I purchased the original Topaz Adjust after seeing it demonstrated at a regional camera conference. I was hooked on Topaz from then on! In the past six years or so, I really began to work more with textures, so of course, Topaz Texture Effects is my favorite!  I was honored that Topaz included some of the textures I created in the program too! I’ve written two e-books on working with textures, and often combine Topaz and Textures into a seminar or workshop. To me, they go hand-in-hand as creative “partners”.

Tulips with Topaz Texture Effects

I have regularly used Topaz DetailClarity, and Impression as well – now with the new AI products, my workflow is shifting to DeNoise AI and the new Adjust AI.

A hint of your style appears in your contributed preset, Painterly, in the new Adjust AI. What kind of images are best for this particular preset?

I created this preset to use on a landscape image that I had processed in a painterly style with the original Adjust. I was trying to recreate that look in the new AI version. I think this new preset is even better than the original! I like the ethereal quality it gives my images. This preset will work especially well on florals and landscapes, two of my favorite things to photograph. You can give it a try on your own images right now by downloading Adjust AI! The Painterly preset is under “Soft Effects” in the preset panel.

I love to take shots of iconic locations and with the use of Topaz and textures, turn them into something uniquely my own.

Purple Curves with Painterly Preset
Smoky Mountains Cabin with Painterly Preset

What images do you particularly cherish? What’s your most memorable shoot?

Hmmm, that’s a really tough question! I’ve traveled to quite a few of our national parks, especially in the Southwest, and the majesty of those areas are just breathtaking. The Red Rocks of Sedona; the hoodoos of Bryce Canyon; the Grand Canyon…all amazingly beautiful! 

On the other hand, I also love to photograph old abandoned places, old rusty cars and trains and such! The mystery of the stories that old buildings could tell fascinates me.

Those that have been able to catch one of your workshops live are lucky! Tell us a little bit about teaching photography around the country.

It’s been a busy spring and will continue into the fall! I recently did a seminar for the Photographic Society of Chattanooga called “Alternative Visual Artistry with Topaz & Textures”, and then a half-day hands-on workshop on Topaz products for the group. At the end of July, I will be heading to the Southwestern Michigan Council of Camera Clubs conference; in October to Mike Moats’ Macro Conference in Cleveland; and next March to the PSA Southern California Chapter event. And more events are on the horizon!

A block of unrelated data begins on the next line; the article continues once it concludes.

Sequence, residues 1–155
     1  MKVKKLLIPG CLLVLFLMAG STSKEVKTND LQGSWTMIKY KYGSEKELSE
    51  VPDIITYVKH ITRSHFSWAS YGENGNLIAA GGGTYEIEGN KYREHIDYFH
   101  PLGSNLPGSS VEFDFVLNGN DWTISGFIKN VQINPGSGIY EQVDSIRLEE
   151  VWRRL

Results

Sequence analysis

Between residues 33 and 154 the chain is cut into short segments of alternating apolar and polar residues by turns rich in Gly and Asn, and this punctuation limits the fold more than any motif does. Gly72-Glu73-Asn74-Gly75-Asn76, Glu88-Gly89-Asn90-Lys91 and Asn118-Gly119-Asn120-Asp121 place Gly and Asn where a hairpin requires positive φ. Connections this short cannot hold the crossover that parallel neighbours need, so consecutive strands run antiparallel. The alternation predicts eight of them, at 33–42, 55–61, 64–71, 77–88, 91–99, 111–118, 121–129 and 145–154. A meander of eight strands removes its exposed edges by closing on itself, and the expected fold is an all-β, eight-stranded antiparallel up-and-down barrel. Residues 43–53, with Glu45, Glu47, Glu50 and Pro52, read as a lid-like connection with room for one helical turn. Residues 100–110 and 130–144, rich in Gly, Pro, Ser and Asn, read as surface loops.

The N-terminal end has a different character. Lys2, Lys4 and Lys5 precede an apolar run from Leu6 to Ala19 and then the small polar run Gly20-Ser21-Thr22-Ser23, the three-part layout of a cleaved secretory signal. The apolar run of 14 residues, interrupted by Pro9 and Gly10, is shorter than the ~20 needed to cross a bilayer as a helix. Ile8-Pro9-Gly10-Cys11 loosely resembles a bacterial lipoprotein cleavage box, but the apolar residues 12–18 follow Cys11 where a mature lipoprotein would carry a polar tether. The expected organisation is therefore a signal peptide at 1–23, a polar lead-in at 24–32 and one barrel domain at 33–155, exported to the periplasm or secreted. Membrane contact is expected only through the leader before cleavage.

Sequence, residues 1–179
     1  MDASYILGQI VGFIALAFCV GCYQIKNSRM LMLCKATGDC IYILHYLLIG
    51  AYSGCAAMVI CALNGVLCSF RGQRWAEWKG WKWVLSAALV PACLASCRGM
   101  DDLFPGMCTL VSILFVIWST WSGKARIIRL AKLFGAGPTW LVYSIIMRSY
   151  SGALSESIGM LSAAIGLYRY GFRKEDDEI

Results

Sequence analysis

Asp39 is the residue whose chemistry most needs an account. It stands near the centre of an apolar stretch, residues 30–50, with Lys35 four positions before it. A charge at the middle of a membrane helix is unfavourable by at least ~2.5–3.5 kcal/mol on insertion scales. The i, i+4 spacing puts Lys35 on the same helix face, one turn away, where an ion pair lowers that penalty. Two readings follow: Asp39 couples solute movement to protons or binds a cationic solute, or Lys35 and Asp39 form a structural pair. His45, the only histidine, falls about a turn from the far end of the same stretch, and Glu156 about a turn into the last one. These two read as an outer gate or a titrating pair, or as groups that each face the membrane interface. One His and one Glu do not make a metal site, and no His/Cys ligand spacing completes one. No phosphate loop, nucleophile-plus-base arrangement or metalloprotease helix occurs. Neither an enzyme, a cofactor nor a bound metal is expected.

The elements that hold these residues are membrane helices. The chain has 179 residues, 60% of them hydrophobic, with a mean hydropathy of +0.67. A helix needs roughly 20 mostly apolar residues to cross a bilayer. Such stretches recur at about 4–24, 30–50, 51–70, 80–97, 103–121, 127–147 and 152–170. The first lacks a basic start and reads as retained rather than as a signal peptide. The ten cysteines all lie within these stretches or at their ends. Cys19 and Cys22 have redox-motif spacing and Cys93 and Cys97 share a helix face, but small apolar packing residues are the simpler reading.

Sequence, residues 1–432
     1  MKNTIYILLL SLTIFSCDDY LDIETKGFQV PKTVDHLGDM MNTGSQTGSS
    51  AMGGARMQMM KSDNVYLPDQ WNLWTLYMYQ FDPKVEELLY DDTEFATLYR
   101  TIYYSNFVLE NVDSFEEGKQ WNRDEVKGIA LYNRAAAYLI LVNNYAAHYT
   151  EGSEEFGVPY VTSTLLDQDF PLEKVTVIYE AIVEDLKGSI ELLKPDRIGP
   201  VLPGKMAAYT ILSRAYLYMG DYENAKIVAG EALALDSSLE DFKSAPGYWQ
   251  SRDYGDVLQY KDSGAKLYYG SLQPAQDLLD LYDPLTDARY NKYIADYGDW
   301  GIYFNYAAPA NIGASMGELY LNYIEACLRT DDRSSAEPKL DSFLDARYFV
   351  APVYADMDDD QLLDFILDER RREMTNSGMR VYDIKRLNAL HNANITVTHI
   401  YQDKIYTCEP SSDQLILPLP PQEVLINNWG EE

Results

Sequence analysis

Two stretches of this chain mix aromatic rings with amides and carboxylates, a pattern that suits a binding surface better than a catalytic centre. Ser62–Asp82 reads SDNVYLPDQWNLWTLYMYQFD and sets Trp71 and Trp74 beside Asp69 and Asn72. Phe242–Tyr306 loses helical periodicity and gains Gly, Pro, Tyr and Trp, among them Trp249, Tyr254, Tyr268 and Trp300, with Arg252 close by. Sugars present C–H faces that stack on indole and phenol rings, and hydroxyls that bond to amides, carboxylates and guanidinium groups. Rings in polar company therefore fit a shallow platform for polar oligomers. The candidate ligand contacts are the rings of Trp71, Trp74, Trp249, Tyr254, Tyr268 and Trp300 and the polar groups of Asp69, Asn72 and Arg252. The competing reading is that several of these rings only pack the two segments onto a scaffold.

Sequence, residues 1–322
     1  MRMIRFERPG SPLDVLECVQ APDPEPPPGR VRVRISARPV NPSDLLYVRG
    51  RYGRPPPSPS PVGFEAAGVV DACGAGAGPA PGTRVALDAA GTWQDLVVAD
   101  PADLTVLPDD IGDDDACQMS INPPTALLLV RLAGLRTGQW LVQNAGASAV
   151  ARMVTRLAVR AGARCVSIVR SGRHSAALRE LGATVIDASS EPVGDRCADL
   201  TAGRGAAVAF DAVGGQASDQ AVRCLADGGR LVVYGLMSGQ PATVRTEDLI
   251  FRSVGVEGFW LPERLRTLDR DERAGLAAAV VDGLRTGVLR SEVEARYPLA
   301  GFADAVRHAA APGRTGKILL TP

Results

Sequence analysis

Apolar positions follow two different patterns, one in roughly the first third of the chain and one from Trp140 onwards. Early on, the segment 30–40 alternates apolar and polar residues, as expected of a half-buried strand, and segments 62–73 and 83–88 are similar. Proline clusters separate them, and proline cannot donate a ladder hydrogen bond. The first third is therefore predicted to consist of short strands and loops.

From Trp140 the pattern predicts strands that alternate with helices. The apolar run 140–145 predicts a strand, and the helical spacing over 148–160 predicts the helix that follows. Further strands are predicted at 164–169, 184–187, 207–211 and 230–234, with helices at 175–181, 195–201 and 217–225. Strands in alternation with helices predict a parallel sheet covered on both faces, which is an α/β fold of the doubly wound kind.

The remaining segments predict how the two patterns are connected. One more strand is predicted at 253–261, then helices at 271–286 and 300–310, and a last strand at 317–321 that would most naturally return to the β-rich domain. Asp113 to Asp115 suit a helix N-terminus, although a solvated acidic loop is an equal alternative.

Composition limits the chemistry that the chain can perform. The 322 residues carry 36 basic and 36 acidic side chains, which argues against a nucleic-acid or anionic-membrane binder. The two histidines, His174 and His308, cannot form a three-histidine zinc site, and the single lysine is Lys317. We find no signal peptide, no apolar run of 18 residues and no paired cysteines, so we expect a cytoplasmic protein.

My husband and I also run our own Creative Photography Conference, and we held our 3rd event in May here in New England. We will begin moving the conference to other areas of the country next year. This conference focuses on all things creative – both in-camera and post-processing. Fellow Topaz webinar presenter, John Barclay, was a speaker at this year’s event along with seven other talented photographers. 

I’ve also been busy with developing a new series of online videos and doing online one-on-one training. The internet makes it easy to work with people anywhere!

And, we are going to be relocating from Connecticut to Tennessee this fall, so things are extra busy right now with purging and packing!

For those that won’t be able to see you in person, what advice would you give to a photographer looking to achieve their own unique style or get started with photography?

For those just starting in photography, I think joining a local camera club or MeetUp group is a great way to learn as well as have fun with like-minded people. There is a TON of information on the web – watch videos (Topaz has past webinars on their YouTube channel), read tutorials, and just get out and practice! 

And yes, you do need to read the camera manual! You need to become intimately familiar with the workings of your camera so you can concentrate on what you are shooting when out in the field, and not fumbling about trying to get the settings right. You can download your camera manual to your phone or tablet to have it handy when on the road.

If you can, take a workshop with a pro. It’s another great way to get some insight, tips and techniques. You’ll develop your own style as you learn more and get inspired by the work of other photographers. 

Previous
Next